Everyone seems to have a tip of defrosting cars in icy weather. Some are better than others – and some best avoided altogether.

Always set aside ten extra minutes before driving to defrost all your windows. This is vital, as you need to have access to all mirrors and windows to be fully aware of your surroundings and other drivers.

When defrosting your windows, make sure you do it properly to avoid damaging the windshield. Do not pour hot water over your windows, as this can crack them. Equally, you shouldn't scrape aggressively, as this can scratch the glass and increase the risk of cracking your windows later on down the line.

You should turn on your car’s defroster and allow it to slowly melt the ice, using your windshield wipers to wipe away ice as it slowly melts away.

5. Check the tread in your tyres is sufficient

Driving in icy conditions is tough enough without inadequate tyre tread say the experts.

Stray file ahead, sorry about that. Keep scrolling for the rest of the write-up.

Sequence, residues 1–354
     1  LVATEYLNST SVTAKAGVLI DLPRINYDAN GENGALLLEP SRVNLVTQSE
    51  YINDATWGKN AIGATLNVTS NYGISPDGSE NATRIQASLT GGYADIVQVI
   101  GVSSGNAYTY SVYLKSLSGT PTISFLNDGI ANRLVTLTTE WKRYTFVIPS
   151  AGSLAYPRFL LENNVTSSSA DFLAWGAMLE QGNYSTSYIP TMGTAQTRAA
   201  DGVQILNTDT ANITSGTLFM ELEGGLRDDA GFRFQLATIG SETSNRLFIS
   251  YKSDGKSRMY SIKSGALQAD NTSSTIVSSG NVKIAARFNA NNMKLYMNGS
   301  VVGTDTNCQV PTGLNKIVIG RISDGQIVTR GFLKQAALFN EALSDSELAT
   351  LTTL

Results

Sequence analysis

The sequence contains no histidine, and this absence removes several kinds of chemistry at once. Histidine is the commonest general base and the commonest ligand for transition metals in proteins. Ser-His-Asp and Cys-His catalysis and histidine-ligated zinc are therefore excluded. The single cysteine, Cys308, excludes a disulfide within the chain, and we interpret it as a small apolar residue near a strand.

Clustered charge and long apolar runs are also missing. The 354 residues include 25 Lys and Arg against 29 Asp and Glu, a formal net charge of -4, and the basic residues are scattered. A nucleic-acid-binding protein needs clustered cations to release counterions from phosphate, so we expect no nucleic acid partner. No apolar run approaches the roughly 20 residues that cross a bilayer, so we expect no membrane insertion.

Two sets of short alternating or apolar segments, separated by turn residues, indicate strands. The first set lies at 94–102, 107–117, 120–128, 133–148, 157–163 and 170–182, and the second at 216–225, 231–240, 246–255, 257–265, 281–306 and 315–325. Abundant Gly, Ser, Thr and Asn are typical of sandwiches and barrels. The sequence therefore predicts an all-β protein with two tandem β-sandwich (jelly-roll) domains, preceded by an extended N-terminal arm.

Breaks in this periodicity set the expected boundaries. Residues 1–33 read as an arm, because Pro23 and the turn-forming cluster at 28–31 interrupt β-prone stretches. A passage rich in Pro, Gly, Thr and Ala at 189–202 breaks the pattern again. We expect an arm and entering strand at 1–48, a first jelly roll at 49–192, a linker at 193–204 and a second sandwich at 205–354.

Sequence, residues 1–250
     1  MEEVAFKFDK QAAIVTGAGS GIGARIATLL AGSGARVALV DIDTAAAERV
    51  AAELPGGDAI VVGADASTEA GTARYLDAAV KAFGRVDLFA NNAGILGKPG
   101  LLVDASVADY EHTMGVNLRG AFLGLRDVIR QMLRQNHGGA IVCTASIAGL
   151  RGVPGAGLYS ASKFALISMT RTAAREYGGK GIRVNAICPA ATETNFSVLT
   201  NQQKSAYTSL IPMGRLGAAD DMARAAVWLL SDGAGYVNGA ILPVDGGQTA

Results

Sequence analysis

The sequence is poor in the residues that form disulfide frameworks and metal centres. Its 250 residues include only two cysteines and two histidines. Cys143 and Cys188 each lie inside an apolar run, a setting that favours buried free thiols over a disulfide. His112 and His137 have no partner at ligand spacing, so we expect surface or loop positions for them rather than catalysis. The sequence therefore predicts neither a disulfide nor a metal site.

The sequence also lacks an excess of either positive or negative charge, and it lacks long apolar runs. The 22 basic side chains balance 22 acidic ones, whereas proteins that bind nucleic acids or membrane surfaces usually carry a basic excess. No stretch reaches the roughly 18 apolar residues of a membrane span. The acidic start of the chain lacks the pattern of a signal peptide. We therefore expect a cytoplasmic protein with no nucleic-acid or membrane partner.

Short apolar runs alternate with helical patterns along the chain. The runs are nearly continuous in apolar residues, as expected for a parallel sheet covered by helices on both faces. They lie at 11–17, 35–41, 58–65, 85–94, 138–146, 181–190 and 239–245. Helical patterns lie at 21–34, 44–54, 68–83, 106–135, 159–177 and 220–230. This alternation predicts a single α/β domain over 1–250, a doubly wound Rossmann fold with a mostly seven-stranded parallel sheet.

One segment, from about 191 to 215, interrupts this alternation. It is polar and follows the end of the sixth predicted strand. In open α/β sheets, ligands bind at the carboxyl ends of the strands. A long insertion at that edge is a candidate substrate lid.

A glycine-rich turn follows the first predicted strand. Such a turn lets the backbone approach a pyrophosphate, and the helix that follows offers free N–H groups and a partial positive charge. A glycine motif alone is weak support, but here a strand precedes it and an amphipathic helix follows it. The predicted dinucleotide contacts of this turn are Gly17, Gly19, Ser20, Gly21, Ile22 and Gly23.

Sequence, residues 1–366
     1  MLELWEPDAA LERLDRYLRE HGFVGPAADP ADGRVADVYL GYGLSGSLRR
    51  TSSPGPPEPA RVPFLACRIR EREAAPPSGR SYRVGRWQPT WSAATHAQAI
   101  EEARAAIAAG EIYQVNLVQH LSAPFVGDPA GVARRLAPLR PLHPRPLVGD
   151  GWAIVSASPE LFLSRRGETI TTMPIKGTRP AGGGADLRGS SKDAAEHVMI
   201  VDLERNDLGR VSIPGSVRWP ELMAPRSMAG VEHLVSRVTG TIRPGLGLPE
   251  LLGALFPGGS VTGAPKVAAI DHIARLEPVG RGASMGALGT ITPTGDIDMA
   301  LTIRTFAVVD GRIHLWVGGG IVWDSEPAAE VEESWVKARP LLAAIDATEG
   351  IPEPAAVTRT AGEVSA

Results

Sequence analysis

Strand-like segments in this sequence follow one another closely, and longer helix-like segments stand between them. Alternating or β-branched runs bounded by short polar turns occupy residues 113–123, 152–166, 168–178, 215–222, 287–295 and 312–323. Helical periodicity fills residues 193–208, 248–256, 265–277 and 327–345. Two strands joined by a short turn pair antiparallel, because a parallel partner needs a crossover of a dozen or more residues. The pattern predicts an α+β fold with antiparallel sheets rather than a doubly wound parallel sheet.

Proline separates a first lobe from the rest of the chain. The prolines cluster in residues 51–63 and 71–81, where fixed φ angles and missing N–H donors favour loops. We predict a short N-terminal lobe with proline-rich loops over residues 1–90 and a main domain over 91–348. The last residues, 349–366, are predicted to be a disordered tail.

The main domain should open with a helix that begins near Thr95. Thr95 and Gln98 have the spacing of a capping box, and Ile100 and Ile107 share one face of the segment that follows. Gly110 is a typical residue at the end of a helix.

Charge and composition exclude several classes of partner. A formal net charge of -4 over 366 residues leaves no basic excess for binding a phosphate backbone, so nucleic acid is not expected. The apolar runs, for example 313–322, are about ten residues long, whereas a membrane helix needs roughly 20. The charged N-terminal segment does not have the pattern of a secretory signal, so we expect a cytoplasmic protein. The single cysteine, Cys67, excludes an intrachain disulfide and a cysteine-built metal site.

Driving in icy conditions is tough enough without inadequate tyre tread say the experts.

After a long period of time, the tread on your tyres can be worn down. If this does occur, your tyres lose the ability to grip frosty roads. Checking to see if the tread in your tyres is sufficient is especially important so that the tyres displace water.

This enables the car and the road to maintain contact so you don’t drift in adverse weather conditions. To ensure driving safety, always check your tyre tread to see if it needs to be replaced

6. Ensure your windscreen wipers aren't frozen